Many of us drive over culverts everyday, probably without giving much thought to what lies beneath. But for some fish like wild trout those culverts are important to their survival.
This morning on The Weekend we're taking a look at how new culverts are being better designed to help fish populations survive.
Bret Ladago works for the Vermont Department of Fish and Wildlife.
"It was kind of exactly what I was hoping to do," says Ladago.
He's been a fisheries biologist for three years. So he knows a thing or two about wild trout and what's good for them.
"They're cold blooded animals, so they're very sensitive to temperature. In the summer, when the water warms up they need to get to cold water areas where there are springs and access to good, cold habitat," says Ladago.
In order to get where they need to go, a lot of wild trout have to pass through culverts. And in many parts of the state, these culverts aren't doing the fish any favors.
"We did an evaluation of culverts in Vermont and out of 3000 culverts we found that only 6% were fully passable," says Ladago.
One of these less than ideal culverts is located on Chase Brook in Waitsfield. The culvert doesn't look anything like trout's natural habitat. Plus, with a lot of water going through a smaller space the water flow is too strong for some fish to overcome.
"Young fish are not gonna be able to get all the way up and access the cold water areas," says Ladago.
Bret says if these trout can't move up river to spawn, this can impact the overall trout population. So in recent years there's been a movement to replace aging culverts with a design that's more fish friendly.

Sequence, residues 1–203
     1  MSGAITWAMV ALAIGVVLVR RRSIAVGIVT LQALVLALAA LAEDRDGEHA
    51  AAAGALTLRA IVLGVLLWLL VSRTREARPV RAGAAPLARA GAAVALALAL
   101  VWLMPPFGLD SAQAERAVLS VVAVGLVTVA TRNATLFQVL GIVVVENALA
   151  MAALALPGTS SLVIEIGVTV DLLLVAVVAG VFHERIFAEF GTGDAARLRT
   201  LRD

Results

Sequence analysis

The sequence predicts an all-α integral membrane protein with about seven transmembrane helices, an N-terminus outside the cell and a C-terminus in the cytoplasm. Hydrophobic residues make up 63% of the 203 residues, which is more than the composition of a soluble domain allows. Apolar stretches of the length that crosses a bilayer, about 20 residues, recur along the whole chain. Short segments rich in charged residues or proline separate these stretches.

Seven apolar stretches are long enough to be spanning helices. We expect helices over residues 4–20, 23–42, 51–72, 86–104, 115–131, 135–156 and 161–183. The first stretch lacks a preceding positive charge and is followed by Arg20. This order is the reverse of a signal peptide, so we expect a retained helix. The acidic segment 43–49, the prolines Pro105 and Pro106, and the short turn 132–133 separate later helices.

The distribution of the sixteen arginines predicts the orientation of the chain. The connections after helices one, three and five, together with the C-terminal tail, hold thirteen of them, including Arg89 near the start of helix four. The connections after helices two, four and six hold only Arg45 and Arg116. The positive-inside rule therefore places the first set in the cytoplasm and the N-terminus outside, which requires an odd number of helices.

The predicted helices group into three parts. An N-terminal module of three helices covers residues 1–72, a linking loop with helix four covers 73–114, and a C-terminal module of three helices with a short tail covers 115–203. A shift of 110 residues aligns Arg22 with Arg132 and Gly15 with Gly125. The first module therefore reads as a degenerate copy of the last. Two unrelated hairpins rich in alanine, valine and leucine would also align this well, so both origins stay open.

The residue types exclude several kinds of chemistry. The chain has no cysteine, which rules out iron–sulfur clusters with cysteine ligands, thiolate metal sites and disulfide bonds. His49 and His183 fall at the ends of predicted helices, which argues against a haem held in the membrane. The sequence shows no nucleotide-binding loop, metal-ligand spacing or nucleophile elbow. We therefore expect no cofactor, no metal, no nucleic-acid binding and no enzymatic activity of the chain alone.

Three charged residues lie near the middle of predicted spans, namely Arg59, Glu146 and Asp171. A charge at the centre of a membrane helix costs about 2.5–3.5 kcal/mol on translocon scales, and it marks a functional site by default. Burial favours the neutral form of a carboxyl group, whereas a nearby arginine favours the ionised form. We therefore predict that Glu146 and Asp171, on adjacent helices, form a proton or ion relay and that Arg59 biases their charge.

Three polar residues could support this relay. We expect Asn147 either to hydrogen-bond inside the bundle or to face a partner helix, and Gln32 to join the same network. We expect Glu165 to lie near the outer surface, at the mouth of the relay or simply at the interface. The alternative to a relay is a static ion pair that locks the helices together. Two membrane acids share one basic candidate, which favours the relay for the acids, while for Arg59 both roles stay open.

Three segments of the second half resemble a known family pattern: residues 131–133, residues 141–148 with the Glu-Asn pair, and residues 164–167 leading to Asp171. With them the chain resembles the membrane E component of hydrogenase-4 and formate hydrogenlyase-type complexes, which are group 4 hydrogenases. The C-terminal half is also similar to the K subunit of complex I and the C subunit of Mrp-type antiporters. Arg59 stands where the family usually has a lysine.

An example? The culvert at Bradley Brook in Warren. Up until 2015, it was impossible for trout to move back and forth.
But thanks to the efforts of the US Fish and Wildlife Service, the US Forest Service, the town of Warren, friends of the Mad River and the Vermont Fish and Wildlife Deparment, it's a different story today.
" If you look at the river bed it looks very natural throughout the culvert, there's no abrupt drops and it provided habitat and connectivity between 2 areas that were disconnected up until last year," says Ladago.
The project cost north of two hundred thousand dollars.
This fish friendly design is a win win. Not only does it provide ease of movement for fish, it also allows more water to pass through.
"The next Irene that we get, rather than forcing all the water through a little straw, we have a lot bigger area," says Ladago.
Hopefully mitigating potential flood damage.
"Now we actually have rules in place when a culvert is replaces it needs to be a passable culvert," says Ladago.
Rules that wild trout appreciate and Bret stands behind.
"It's nice to know that you're helping to conserve those species and protect their ecosystem," says Ladago.
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